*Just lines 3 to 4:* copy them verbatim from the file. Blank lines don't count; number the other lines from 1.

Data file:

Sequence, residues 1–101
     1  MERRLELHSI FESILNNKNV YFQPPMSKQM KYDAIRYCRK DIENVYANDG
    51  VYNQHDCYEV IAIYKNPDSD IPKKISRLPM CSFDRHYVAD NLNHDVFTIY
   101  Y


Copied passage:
    51  VYNQHDCYEV IAIYKNPDSD IPKKISRLPM CSFDRHYVAD NLNHDVFTIY
   101  Y